In the extremely unlikely event that you don’t know what a running joke is, I should probably explain what they are. A running joke is, essentially, just a joke that is repeated throughout your story or comic. It’s that simple.
Well, actually, it isn’t. A good running joke has to be something that is either subtle enough to be ignored (unless you’re looking for it) or something that is just as funny when your audience reads it for the tenth time as it was when they read it for the first time.
So, how do you think of running jokes?
The simple answer is that, most of the time, you shouldn’t.
Yes, you heard me correctly, you shouldn’t try to think of running jokes for your story or comic. A good running joke is usually something that just kind of naturally evolves of it’s own accord when you are writing your story or making your comic.
It’s the kind of thing which you suddenly notice whilst you’re writing and think “hmmm… I could use this as a running joke“. In other words, your running jokes should be something that emerges from your story rather than something that you add to your story or plan in advance.
This might sound confusing, but it actually makes a lot of sense. After all, your running joke has to function as part of the story as well as being funny.
So, the best way to make sure that it actually makes sense in the context of your story is to just start writing your story and then to re-use part of it that you’ve already written as a running joke.
For example, you might notice something like a funny quirk that one of your characters has or something random that you’ve thought of earlier in the story and then decide to use it as a running joke.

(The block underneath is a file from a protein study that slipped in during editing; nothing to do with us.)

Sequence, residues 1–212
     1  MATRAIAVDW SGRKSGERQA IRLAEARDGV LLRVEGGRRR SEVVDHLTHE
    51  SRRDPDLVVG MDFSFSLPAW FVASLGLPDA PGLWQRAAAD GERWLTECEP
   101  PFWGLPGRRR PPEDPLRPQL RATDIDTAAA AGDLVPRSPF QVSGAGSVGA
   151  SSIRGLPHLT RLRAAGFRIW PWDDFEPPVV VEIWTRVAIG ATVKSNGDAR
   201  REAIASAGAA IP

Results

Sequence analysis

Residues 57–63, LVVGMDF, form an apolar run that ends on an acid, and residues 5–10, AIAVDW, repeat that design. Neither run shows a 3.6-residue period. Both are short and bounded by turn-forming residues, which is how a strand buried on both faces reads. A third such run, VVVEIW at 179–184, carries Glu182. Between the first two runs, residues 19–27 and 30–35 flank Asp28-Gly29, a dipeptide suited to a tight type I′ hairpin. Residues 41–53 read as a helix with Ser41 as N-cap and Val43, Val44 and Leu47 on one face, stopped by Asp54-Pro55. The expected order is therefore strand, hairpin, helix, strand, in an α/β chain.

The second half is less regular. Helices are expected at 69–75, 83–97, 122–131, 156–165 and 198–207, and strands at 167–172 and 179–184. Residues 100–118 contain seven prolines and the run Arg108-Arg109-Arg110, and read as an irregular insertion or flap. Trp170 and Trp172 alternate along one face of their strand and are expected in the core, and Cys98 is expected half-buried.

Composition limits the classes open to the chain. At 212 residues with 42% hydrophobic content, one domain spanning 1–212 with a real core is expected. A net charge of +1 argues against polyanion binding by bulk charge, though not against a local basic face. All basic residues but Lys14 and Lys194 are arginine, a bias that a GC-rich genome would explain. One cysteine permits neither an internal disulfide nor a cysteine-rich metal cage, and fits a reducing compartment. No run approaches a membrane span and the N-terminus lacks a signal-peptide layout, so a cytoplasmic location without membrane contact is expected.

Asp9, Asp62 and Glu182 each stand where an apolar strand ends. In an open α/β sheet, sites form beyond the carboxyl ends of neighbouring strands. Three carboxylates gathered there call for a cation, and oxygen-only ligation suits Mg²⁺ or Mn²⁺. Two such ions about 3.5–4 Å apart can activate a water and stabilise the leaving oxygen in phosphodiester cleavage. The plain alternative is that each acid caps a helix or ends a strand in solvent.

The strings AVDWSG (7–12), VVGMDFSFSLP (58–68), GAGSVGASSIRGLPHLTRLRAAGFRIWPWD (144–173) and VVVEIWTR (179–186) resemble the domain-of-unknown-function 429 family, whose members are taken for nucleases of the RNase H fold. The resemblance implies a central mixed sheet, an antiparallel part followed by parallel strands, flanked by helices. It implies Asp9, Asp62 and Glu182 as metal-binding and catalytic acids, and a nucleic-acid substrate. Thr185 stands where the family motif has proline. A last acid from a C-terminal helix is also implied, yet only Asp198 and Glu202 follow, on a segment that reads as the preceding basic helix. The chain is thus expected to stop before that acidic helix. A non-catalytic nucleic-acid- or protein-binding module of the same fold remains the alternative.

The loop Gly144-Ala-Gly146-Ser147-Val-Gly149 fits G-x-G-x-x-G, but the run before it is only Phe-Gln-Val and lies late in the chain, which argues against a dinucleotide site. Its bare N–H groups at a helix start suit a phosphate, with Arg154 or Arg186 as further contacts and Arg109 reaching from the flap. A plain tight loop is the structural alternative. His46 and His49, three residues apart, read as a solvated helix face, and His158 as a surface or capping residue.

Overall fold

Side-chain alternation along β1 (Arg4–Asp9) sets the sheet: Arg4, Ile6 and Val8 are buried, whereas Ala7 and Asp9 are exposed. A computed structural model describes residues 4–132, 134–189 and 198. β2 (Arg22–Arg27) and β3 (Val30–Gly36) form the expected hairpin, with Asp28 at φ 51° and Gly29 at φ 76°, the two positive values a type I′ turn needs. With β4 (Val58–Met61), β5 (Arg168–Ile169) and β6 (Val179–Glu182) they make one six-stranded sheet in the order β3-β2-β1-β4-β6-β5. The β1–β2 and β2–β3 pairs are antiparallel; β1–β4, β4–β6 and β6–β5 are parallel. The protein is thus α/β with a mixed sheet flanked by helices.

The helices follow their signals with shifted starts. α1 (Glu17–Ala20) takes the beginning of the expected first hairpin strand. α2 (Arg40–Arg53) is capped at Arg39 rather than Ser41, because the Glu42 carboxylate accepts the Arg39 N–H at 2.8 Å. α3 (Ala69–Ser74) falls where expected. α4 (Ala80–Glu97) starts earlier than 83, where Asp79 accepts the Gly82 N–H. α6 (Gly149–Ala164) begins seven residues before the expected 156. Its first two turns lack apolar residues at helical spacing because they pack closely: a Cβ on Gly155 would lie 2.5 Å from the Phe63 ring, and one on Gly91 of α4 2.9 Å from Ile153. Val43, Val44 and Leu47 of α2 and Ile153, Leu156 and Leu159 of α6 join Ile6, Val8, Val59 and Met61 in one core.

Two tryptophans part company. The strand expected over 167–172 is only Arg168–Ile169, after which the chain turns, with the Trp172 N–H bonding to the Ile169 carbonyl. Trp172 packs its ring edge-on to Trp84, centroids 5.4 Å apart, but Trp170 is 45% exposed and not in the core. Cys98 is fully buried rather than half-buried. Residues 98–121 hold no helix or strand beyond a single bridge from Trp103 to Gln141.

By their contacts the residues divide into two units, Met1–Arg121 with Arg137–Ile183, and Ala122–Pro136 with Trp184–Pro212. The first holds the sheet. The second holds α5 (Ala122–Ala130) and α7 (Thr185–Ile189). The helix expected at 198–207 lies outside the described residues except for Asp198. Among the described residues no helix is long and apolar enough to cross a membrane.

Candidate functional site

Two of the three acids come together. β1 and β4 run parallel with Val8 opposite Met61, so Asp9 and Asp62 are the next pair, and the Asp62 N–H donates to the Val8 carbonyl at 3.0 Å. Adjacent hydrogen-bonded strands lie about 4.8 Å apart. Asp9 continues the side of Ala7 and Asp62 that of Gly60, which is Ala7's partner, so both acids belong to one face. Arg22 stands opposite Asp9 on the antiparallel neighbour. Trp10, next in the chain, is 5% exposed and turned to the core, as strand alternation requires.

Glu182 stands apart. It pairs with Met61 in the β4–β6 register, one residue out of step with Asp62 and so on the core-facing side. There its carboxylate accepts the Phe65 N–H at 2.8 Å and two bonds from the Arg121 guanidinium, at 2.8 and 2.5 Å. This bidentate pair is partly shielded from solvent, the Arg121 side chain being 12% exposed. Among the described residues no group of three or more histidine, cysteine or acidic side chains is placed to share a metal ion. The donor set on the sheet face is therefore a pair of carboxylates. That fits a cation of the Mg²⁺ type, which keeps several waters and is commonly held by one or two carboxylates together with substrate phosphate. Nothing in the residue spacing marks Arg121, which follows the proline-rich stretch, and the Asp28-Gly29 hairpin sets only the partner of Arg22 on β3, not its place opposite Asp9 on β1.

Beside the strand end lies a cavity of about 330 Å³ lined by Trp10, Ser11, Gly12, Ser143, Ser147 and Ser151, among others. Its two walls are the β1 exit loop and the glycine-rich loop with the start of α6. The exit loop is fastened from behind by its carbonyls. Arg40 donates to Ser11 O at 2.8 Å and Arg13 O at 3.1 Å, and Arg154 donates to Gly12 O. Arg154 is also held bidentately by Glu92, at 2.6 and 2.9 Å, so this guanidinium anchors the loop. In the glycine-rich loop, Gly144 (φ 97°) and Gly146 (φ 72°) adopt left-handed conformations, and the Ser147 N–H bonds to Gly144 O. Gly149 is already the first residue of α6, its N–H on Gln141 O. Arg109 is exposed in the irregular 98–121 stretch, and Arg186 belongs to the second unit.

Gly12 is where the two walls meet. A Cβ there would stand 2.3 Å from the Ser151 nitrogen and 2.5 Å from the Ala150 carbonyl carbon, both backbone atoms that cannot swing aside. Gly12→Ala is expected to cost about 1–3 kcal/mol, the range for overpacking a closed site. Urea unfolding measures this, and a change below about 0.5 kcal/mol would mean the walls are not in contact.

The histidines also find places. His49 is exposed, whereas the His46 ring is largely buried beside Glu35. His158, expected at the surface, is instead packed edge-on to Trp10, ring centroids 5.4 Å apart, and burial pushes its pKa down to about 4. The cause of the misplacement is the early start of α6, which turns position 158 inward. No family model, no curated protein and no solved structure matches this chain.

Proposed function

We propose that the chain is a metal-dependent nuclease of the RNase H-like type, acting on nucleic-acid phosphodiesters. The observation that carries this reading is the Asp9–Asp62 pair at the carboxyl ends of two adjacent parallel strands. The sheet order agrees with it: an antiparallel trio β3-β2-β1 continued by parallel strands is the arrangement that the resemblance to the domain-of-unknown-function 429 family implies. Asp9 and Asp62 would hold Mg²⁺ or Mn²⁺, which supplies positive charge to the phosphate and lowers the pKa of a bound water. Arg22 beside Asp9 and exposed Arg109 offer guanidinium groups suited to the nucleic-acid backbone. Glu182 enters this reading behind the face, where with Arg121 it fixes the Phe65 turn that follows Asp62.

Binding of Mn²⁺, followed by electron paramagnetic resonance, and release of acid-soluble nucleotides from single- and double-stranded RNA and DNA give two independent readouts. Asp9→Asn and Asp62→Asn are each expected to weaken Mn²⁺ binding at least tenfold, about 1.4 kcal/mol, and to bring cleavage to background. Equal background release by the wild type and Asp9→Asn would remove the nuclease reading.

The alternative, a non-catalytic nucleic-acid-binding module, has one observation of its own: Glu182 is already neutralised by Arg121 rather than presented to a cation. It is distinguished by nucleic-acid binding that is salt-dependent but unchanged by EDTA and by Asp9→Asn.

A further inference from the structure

This kind of thing makes a lot more sense in the context of your story than some totally random joke that you’ve tried to shoehorn into your story, just for the sake of having a running joke.
To give you another example, in the short sci-fi/ horror comic that I’ve been working on recently, literally every page ends with someone screaming or shouting in a ridiculously melodramatic way. Originally, this was just going to be a dramatic way to end the first page:
I didn’t expect it to become a running joke when I started making this comic. But, when I wrote the second page, the joke in it ended with someone screaming and running away. This made total sense in the context of the story and the page wouldn’t be as good without it.
It didn’t take me long to realise that this was fairly similar to how the first page had ended. So, I decided to use it as a running joke. I didn’t plan it in advance, it just kind of naturally emerged from the story I was telling.
But, if you should just wait for running jokes to emerge from your story or comic whilst you’re writing it, isn’t there a risk that they won’t appear?
Well, yes. But this is all part of the fun of writing a story or comic – a good idea for a running joke should surprise and delight you, it should be something that makes you laugh. And, well, the best laughs are often unexpected ones.
Not only that, if no running jokes emerge from your story or comic when you’re writing it – then this is a good thing too. Why? Because it means that you don’t need them in that particular story.
As I said earlier, there’s nothing worse than a running joke that doesn’t really quite make sense in the context of the story that you’re writing.
Anyway, I hope that this was useful 🙂